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Brooke Smith is participating in virtual versions of races this spring and summer with the events cancelled due to the COVID-19 pandemic. Brooke runs past some of the closed down amenities in Sherwood Park in Toronto on Sunday.Melissa Tait

Canada’s most popular road races are coming back on May 4, but this time with a virtual look.

Canada Running Series (CRS), which organizes large road races across the country, is offering virtual versions of three of its five spring and summer races that were cancelled or postponed. The 10,000 runners who were registered for those three events have the option to run the race distance alone, from anywhere they choose, as many times as they like, up to a deadline.

For their best result to count, runners must track their run on a GPS device (such as a Fitbit, running watch or phone) and upload their race data on a results website, Sportstats.ca. Each finisher will be mailed a race bib, T-shirt, medal and a photoshopped picture of them crossing the finish line. Because of verification limitations, there is no prize money.

“Even if you’re not at the race in person, it’s still a race. It’s still something to work toward,” said Brooke Smith, a runner from Toronto who has used virtual running to keep fit and motivated amid the pandemic. “Virtual races remind us that we are all in this together.”

Keeping the running community motivated and in touch until in-person events start again is the goal of CRS race director Alan Brookes.

“These are difficult times,” Brookes told hundreds of listeners on the CRS Facebook Live channel last week. “I think virtual races will be a great means of connectivity and structure …. we need that more than ever right now.”

It has been a difficult month for his company, an organization completely reliant on in-person events comprising thousands of people. Some of its employees had to take pay cuts, despite working overtime to come up with a fair reimbursement system for the runners whose race registrations are now void.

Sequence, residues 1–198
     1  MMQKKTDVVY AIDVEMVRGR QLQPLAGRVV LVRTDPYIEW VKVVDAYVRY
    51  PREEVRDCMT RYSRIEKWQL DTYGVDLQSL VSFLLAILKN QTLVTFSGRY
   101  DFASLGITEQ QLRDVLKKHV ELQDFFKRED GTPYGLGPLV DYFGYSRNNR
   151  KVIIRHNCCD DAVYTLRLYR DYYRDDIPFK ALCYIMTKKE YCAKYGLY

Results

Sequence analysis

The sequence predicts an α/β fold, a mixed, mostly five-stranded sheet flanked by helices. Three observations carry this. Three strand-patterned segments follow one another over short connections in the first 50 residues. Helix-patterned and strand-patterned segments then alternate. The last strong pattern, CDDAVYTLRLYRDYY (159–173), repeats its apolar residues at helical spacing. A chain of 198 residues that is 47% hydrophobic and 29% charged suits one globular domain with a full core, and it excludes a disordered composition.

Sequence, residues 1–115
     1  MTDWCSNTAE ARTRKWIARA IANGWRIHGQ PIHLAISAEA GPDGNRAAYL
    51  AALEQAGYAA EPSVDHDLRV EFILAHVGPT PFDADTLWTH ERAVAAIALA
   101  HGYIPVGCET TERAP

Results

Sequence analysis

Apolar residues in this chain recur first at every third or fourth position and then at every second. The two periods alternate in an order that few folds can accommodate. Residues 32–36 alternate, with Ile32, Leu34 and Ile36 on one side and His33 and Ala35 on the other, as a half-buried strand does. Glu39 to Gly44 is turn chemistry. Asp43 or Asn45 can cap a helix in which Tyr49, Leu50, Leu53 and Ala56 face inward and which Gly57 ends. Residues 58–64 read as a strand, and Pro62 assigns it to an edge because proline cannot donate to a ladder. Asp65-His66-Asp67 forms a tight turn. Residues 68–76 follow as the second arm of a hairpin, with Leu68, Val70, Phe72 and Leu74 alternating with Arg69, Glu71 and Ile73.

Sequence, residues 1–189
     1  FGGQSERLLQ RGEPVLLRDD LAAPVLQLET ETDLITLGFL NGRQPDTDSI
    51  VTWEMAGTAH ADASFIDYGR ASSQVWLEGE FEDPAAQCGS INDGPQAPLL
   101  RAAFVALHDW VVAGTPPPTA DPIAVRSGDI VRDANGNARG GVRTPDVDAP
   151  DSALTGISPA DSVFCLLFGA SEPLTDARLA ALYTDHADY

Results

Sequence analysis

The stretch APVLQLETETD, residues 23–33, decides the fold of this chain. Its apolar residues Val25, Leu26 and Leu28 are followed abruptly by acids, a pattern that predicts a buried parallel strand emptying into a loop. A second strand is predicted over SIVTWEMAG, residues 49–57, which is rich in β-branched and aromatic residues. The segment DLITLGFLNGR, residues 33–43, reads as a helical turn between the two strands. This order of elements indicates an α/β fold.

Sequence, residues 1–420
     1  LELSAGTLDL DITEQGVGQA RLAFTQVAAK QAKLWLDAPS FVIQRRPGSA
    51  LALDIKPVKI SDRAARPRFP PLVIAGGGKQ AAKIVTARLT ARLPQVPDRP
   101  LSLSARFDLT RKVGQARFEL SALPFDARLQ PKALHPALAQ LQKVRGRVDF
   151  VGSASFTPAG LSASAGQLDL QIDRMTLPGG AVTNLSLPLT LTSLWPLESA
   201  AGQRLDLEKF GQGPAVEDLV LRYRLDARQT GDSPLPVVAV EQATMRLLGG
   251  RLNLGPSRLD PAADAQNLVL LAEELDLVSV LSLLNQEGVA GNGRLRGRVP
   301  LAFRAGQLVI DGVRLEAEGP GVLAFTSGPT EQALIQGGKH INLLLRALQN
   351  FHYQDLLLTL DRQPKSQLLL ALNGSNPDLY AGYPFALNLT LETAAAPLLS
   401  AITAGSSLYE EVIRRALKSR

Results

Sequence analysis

CRS has given these racers the option of a full refund or a voucher for a future CRS event. However, Mr. Brookes encourages runners to go for the third, virtual option, which also includes a $15 donation to a CRS charity of their choice and a $15 voucher for a future race.

Lee McCarron, the head coach of the Halifax Road Hammers, a running group of more than 200, thinks virtual races will be popular and keep motivations high, at least for now.

“You can do a virtual race anywhere, the social-media aspect of running excites people, and it makes you feel like you are working toward something,” he said.

Some athletes in his group, however, believe a virtual race cannot replace the experience of live racing. Greg and Maura Wieczorek of Halifax had planned to race in the Banque Scotia 21K de Montréal last month. The event has been rescheduled for late September, but they are not sure whether they will defer their registration to then, next year, or take the full reimbursement option.

“I don’t know if I’ll do the virtual race,” Maura said. “Running is a part of my routine, but the thrill of doing a big race like [Montreal] is being there … where the course is fast and they completely close the streets.”

“I was looking forward to seeing running friends from across the country,” Greg said. “That’s a main draw of those races for me … that won’t be possible without in-person races.”

For elite runners such as Dayna Pidhoresky, a virtual race cannot compare to the real thing, because there is no monetary incentive.

“CRS races are usually at the forefront of my race schedule," she said. “It’s one of the best opportunities for athletes to try to make a living by winning races. Without them, athletes may struggle.” Pidhoresky won the 2019 Scotiabank Toronto Waterfront Marathon, which earned her future sponsorships and $13,000 in prize money.

The Scotiabank Toronto Waterfront Marathon weekend is CRS’s marquee event, and regularly attracts 25,000 runners from around the world. This year’s edition is scheduled for Sunday, Oct. 18. Last year the marathon doubled as the Canadian championship, and a win in Toronto meant immediate qualification to Team Canada and the Tokyo Olympics.

Brookes and his team cannot predict whether this year’s event will take place, but they do not plan to cancel it as long as other world marathons, such as London and Boston, are still scheduled for the fall. The Berlin marathon, which was scheduled for Sept. 27, has been cancelled. Brookes said he thinks getting back to traditional racing might take time.

“Runners are responsible people, and will likely be cautious when going back to normal. … I trust when the time is right, they will get out there in full force.”